Let us not dilute the word ‘persecution’. Many times our Christian friends use God’s provision as a matter of personal glorification. This also gives Maoist enough reasons to go and demand money from church and Christian institution, which they did in many places. If you refused in giving the money, perhaps you could have seen the result too? There is no need of sympathy for such Christians who conducts themselves in such a way that they provoke others. Let me go back to Hinduism! This is a right issue to address! I have seen severe persecution from Hinduism in India than in Nepal. The issue of Orissa, Karnataka, Maharasta and Chattisgarh is still fresh in my mind. Hindu fundamentalists are clearly behind these persecutions. Friends! The issue of Orissa has been politicized and real victims have been neglected from the scene. The impact of Maoist, however could be seen into the entire section of Hindu platform. Ideologically Maoist has dominated Hinduism in some extend and led them to be less orthodox than 30 years ago. It’s going to be four years since Nepal had become a secular democratic nation. We don’t have a danger now but we can sense some notions of danger from these two factors.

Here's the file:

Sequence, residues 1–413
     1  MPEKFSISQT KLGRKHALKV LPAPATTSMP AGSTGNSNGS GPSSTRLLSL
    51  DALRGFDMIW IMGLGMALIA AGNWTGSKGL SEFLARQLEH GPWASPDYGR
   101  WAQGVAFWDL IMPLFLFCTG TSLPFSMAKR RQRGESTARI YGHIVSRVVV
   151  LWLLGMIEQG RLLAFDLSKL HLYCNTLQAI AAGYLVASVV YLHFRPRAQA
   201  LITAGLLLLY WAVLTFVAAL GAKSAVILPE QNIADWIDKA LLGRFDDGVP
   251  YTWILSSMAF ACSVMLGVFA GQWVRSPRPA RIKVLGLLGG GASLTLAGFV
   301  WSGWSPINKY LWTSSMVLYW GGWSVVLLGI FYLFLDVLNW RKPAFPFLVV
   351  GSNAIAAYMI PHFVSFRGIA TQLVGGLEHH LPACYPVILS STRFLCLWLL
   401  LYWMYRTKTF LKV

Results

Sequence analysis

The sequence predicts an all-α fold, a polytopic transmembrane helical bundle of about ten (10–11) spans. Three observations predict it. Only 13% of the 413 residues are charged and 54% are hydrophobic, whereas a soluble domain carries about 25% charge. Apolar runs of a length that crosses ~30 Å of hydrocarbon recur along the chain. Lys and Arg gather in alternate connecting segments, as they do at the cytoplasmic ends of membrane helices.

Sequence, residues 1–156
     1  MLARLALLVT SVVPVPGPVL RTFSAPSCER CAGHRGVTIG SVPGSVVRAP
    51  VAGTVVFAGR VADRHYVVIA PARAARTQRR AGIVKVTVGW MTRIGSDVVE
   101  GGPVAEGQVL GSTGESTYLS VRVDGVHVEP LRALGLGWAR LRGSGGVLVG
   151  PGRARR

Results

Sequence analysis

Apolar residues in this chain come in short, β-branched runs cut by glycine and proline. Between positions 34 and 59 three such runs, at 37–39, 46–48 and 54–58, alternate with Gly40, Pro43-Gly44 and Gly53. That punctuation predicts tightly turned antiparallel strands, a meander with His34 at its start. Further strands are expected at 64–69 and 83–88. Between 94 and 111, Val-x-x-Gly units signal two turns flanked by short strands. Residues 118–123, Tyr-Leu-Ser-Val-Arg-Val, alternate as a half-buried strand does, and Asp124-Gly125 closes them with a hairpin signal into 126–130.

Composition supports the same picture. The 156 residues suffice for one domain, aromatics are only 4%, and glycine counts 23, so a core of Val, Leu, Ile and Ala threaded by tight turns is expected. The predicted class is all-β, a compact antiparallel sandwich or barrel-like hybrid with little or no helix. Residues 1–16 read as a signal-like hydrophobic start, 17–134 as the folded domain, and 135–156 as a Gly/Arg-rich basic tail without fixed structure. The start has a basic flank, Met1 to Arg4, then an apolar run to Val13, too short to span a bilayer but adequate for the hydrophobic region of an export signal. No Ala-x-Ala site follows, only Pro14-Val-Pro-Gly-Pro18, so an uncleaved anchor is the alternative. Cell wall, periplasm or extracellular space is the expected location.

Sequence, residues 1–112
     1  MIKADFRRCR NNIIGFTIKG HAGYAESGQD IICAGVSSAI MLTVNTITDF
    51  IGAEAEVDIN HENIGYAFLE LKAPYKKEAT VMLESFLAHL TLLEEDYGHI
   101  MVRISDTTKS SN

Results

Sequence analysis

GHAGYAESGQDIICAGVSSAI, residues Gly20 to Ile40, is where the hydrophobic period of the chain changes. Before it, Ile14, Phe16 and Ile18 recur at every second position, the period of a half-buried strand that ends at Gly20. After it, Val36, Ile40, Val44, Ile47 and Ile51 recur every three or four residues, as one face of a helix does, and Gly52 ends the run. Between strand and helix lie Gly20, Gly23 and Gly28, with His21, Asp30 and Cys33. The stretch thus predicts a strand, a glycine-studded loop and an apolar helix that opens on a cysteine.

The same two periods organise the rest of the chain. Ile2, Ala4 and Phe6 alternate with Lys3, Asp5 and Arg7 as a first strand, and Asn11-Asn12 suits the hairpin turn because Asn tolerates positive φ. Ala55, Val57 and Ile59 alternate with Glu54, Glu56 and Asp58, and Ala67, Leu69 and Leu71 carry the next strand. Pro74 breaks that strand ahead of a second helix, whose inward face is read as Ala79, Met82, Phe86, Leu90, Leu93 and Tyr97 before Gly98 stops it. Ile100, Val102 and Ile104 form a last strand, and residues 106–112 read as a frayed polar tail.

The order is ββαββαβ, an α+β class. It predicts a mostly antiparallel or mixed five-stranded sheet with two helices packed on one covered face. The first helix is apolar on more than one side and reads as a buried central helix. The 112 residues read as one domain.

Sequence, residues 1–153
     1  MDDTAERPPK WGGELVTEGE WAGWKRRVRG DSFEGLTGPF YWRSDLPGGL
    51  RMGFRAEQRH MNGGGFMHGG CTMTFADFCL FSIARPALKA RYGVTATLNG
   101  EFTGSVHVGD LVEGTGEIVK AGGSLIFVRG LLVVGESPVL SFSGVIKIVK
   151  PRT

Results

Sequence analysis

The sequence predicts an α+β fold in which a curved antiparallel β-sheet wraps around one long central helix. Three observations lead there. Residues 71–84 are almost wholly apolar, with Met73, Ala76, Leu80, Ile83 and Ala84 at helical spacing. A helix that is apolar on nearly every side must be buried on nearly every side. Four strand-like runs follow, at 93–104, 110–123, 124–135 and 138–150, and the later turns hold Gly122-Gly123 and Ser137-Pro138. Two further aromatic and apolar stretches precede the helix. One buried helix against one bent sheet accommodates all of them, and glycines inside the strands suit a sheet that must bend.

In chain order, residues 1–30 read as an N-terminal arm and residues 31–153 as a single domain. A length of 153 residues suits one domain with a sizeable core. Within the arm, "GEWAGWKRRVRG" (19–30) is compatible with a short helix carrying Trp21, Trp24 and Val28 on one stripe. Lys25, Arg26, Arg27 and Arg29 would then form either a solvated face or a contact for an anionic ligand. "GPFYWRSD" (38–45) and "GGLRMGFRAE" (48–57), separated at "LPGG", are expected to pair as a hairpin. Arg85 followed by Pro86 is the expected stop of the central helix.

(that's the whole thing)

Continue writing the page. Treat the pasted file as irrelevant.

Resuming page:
Christianity in Nepal now and then?
This is another important point to retrospect. There was a vibrant spirit in Christianity during monarchy. We still read the testimony of the great Christian heroes who faced trials in prison and courts for the sake of gospel nevertheless, the church didn’t stop its mission rather it flourished with passion for God’s love. Somehow the democracy came up in Nepal, followed by people’s power with secularism. Freedom prevailed in the nation in different way. Now, you can freely share gospel with any police officer or parliament members. This is not to mean that freedom has become the hindrances for Christian people to share the gospel. Daniel! I think you asked this question yesterday. And I am sorry that I was not able to clarify your doubts! My heart beats with this news when I hear about the persecution in China, Viatnam and Muslim countries. How people are worshiping God from the underground churches. People may not be fluent in theological language but they are fluent in the faith of God. When I compare Nepal with some of these scenes, I come in conclusion that we are not under persecution.